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, 5 (2), 119-25

Effect of Cerium Lanthanide on Hela and MCF-7 Cancer Cell Growth in the Presence of Transferring

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Effect of Cerium Lanthanide on Hela and MCF-7 Cancer Cell Growth in the Presence of Transferring

A A Palizban et al. Res Pharm Sci.

Abstract

The anti-cancer activity of metal ions in the lanthanide group is being considered recently. It has been reported that cerium salts might stimulate the metabolism and therefore, produce anti-cancer effects. However, little is known about the effects of protein-cerium complex in controlling cancer cell growth. The aim of the present study was to elucidate the possible pathways for the cytotoxic effect of cerium in the presence of apo-transferrin on two cancer cell lines (Hela and MCF-7), that express transferrin receptors 3-4 fold higher than normal cells. The effect of different concentrations of cerium (0.1, 1, 10, 100 μM) in the presence and absence of transferrin for 48 h and 72 h incubation periods (37°C, 5% CO2 and 95% humidity) was studied using the MTT assay. The results showed that cerium has a cell-proliferation inhibitory activity which is significantly increased by transferrin protein. Compared with the direct treatment of cancer cells with cerium, the presence of transferrin assisted inhibition of cell proliferation by 20% and 40% in Hela and MCF-7 cells, respectively. Though apo-transferrin could lightly induce cell growth particularly in MCF-7 cells by itself, this phenomenon could not overcome the cerium-protein cell-proliferation inhibition activity. In conclusion, our results indicate that at a certain concentration, the cerium compounds could be possibly involved in the control of cell proliferation and inhibiting the growth of cancer cells.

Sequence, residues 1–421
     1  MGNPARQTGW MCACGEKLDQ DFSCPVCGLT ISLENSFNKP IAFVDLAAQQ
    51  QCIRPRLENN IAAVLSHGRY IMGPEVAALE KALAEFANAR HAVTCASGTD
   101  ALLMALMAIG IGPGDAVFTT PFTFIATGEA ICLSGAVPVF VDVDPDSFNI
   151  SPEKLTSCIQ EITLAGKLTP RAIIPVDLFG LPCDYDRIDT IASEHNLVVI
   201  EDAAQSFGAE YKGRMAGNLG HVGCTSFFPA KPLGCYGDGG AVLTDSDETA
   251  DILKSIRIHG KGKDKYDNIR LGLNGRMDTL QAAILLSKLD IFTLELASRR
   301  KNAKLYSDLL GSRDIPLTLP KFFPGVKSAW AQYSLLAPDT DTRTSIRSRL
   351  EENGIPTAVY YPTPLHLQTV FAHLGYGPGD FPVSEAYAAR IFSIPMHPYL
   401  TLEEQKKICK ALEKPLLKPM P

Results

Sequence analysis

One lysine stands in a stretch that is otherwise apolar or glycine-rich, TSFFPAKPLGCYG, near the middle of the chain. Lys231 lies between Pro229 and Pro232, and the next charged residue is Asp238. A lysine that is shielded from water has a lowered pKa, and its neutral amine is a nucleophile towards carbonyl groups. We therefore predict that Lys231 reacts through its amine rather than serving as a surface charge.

Keywords: Cerium; Cytotoxicity; Hela cell line; MCF-7 cell line; MTT assay; Transferrin.

Figures

Scheme 1
Scheme 1
A schematic representation of cerium-bound transferrin (1112).
Fig. 1
Fig. 1
Hela cell growth curve assay during 96 h incubation period. Each point represents the number of cells against time. The results are the repeats of eight experiments in each day; cell viability was assessed using MTT assay (n=8). Data are presented as the mean ± SD.
Fig. 2
Fig. 2
MCF-7 cell growth curve assay during 96 h incubation period. Each point represents the number of cells against time. The results are the repeats of eight experiments in each day; cell viability was assessed using MTT assay (n=8). Data are presented as the mean ± SD.
Fig. 3
Fig. 3
Percentage of Hela cell survival after treatment with different concentrations of cerium (0, 0.1, 1, 10 and 100 μM), incubated for 48 h in the presence or absence of transferrin (1 nM). The experiment in the absence and presence of transferrin is marked as and , respectively (n=8).
Fig. 4
Fig. 4
Percentage of Hela cell survival after treatment with different concentrations of cerium (0, 0.1, 1, 10 and 100μM), incubated for 72 h in the presence or absence of apo-transferrin (1 nM). The experiment in the absence and presence of transferrin is marked as and , respectively (n=8).
Fig. 5
Fig. 5
Percentage of MCF-7 cell survival after treatment with different concentrations of cerium (0, 0.1, 1, 10 and 100 μM), incubated for 48 h in the presence or absence of apo-transferrin (1 nM). The experiment in the absence and presence of transferrin is marked as and , respectively (n=8). The upper solid line shows that the proliferation of MCF-7 cells increased with the presence of apo-transferrin (1 nM).
Fig. 6
Fig. 6
Percentage of MCF-7 cell survival after treatment with different concentrations of cerium (0, 0.1, 1, 10 and 100 μM), incubated for 48 h in the presence or absence of apo-transferrin (1 nM). The experiment in the absence and presence of transferrin is marked as and , respectively (n=8). The upper solid line shows that the proliferation of MCF-7 cells increased with the presence of apo-transferrin (1 nM).

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